• 8. Marketing Loyalty Analytics In today’s competitive business scenario with consumers having a multitude of options, their preferences & buying patterns have been constantly evolving. It is necessary for retailers to gain insights into changing consumer trends & accordingly tailor their offerings. CRM analytics helps analyse consumer’s transactional and others behavioural patterns to facilitate optimal decisions regarding marketing strategies. It helps the business to:  Identify consumer segments based on demographic, psychographic and purchase behaviour. Design customized product offerings and marketing strategies relevant for each of these consumer segments. Track these segments over time to study how the industry is evolving.  Closely track and maintain constant touch-point with your most profitable & loyal consumer segments. Identify any signs of attrition in advance and accordingly formulate the right retention strategy  Formulate cross-selling and up-selling strategies by analysing product affinities & associations. Identify the consumer segments which can be targeted for the same. This helps in increasing overall revenue contribution from the same customer base. They are frequent visitors and prefer brewed coffee They visit mostly during weekends, to sip their coffee over an enjoyable experience of a football game or a live concert These consumer have no set routines, and visit during lunch hours on weekdays, and prefer not to be disturbed over their discussion. Cappuccino is their preferred drink They come generally for the desserts & smoothies, visit usually during evening hours “Coffee Junkies” “Entertainment Seekers” “Business over Coffee“ “The Sweet Tooth” 16,000 consumers (37.2%) - $178 12,000 consumers (28%) - $60 8,000 consumers (18.6%) - $125 7,000 consumers (16.2%) - $29 M T W T F S S M T W T F S S M T W T F S S M T W T F S S Mor Aft Eve Mor Aft Eve Mor Aft Eve Mor Aft Eve Consumer segments for a leading organized retail café chain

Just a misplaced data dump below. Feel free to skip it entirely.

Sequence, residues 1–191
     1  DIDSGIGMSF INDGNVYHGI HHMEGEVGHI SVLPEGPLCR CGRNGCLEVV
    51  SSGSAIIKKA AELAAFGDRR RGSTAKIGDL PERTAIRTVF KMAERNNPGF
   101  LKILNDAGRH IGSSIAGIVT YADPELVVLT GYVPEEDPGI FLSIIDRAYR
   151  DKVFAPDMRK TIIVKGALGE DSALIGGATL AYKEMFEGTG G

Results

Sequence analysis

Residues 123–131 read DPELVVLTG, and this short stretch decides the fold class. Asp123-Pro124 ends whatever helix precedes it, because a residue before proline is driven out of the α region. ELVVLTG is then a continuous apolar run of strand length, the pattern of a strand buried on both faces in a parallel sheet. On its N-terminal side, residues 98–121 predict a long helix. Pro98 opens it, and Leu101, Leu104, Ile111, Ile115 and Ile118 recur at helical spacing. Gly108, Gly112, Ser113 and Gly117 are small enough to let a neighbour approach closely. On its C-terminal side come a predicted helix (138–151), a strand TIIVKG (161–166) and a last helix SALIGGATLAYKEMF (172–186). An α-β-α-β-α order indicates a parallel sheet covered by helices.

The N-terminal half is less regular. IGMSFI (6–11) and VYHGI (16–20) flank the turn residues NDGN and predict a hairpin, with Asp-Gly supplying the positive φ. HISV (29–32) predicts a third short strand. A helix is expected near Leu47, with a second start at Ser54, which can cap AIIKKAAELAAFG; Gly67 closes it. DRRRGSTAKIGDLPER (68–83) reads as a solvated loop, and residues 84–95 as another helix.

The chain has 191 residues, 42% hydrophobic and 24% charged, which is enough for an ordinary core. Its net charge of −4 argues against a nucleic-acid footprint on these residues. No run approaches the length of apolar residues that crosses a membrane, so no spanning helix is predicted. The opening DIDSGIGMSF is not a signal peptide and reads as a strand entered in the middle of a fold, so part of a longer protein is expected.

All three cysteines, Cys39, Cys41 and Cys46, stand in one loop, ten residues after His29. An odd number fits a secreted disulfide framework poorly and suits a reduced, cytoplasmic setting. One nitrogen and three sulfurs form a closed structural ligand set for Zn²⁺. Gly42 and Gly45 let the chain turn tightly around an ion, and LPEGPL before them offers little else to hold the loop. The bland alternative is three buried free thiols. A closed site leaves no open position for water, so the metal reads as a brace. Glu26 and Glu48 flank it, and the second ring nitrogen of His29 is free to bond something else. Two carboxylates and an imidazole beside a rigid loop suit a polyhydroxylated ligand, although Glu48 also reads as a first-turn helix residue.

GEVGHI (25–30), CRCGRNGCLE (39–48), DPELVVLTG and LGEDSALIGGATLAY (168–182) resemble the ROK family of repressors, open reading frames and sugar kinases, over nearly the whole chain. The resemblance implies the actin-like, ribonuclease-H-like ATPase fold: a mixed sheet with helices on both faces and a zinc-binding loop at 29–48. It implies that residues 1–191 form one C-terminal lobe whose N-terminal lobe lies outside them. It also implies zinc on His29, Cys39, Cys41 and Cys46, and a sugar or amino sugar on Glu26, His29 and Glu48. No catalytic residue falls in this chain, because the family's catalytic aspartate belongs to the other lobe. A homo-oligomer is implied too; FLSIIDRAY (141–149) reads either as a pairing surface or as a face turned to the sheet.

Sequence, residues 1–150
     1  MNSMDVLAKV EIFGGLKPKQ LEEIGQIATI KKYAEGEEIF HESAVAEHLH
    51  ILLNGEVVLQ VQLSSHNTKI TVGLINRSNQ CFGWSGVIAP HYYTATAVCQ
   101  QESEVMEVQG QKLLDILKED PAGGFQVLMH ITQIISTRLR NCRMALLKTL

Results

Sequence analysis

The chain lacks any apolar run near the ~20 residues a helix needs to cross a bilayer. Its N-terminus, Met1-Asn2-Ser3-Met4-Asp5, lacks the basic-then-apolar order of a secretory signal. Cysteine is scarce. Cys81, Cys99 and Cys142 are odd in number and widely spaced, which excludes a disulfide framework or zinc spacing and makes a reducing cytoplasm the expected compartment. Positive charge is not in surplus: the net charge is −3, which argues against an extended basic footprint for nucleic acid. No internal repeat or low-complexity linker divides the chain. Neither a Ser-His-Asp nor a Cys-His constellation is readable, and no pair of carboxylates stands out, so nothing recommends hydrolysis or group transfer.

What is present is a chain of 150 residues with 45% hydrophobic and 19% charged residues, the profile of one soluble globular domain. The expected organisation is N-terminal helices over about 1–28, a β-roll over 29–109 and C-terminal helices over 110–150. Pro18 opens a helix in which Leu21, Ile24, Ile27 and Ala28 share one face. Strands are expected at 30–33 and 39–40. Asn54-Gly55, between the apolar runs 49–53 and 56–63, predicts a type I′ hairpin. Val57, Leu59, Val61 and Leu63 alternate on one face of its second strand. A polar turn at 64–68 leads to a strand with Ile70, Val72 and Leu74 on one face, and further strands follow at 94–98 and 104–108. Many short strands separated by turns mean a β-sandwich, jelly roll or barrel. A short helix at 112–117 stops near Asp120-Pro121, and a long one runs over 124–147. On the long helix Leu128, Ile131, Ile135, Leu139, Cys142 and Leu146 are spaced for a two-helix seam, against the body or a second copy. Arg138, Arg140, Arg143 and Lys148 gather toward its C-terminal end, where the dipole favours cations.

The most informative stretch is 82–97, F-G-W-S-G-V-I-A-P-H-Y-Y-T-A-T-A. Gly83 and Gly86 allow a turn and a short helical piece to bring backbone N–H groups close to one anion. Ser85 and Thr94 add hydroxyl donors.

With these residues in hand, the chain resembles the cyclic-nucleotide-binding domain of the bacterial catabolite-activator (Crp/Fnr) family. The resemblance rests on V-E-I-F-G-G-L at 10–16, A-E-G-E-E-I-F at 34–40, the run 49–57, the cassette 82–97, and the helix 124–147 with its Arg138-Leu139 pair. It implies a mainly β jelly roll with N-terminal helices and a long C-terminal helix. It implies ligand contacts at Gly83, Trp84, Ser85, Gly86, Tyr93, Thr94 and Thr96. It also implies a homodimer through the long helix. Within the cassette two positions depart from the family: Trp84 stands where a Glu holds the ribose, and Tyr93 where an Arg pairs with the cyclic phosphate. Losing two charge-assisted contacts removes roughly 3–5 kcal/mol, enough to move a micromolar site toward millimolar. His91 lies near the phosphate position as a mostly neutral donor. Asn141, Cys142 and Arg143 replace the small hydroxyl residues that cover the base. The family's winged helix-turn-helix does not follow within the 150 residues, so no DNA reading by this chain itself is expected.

• 9. Marketing Pricing Analysis Pricing strategies are crafted to meet two key objectives: profit and revenue maximization. It helps in identifying the best pricing strategy for a retailer. Price optimization enables retailers evaluate cost, assortment, margin targets and promotions. It employs predictive modeling techniques for:  Evaluating price elasticity for their private labels and deciding the optimal price points  Identifying price gaps/thresholds to decide the optimal price points and associated discounts for different brands and SKUs while maximizing category sales  Determining base, promotion, markdown and discount prices Identify price thresholds by brands Optimum price corridor for retailer’s own label 53.2 44.0 30.4 20.4 19.1 18.3 0 10 20 30 40 50 60 70 0 5 10 15 20 25 30 35 $0.90 to $0.98 $0.99 $1.00 to $1.08 $1.09 $1.10 to $1.18 $1.19 $1.20 to $1.28 $1.29 $1.30 to $1.38 $1.39 $1.40 to $1.48 $1.49 % ACV Brand A sales rate 0 10 20 30 40 50 60 70 80 90 100 110 120 Wk-1('09) Wk-4('09) Wk-7('09) Wk-10('09) Wk-13('09) Wk-16('09) Wk-19('09) Wk-22('09) Wk-25('09) Wk-28('09) Wk-31('09) Wk-34('09) Wk-37('09) Wk-40('09) Wk-43('09) Wk-46('09) Wk-49('09) Wk-52('09) Wk-3('10) Wk-6('10) Wk-9('10) Wk-12('10) Wk-15('10) Wk-18('10) Wk-21('10) Wk-24('10) Wk-27('10) Wk-30('10) Wk-33('10) Wk-36('10) Wk-39('10) Wk-42('10) Wk-45('10) Wk-48('10) Wk-51('10) Wk-2('11) Wk-5('11) Wk-8('11) Wk-11('11) Wk-14('11) Wk-17('11) Wk-20('11) Wk-23('11) Wk-26('11) Wk-29('11) Wk-32('11) Wk-35('11) Wk-38('11) Wk-41('11) Wk-44('11) Wk-47('11) Wk-50('11) Price index vs. competition Volume share Optimum price corridor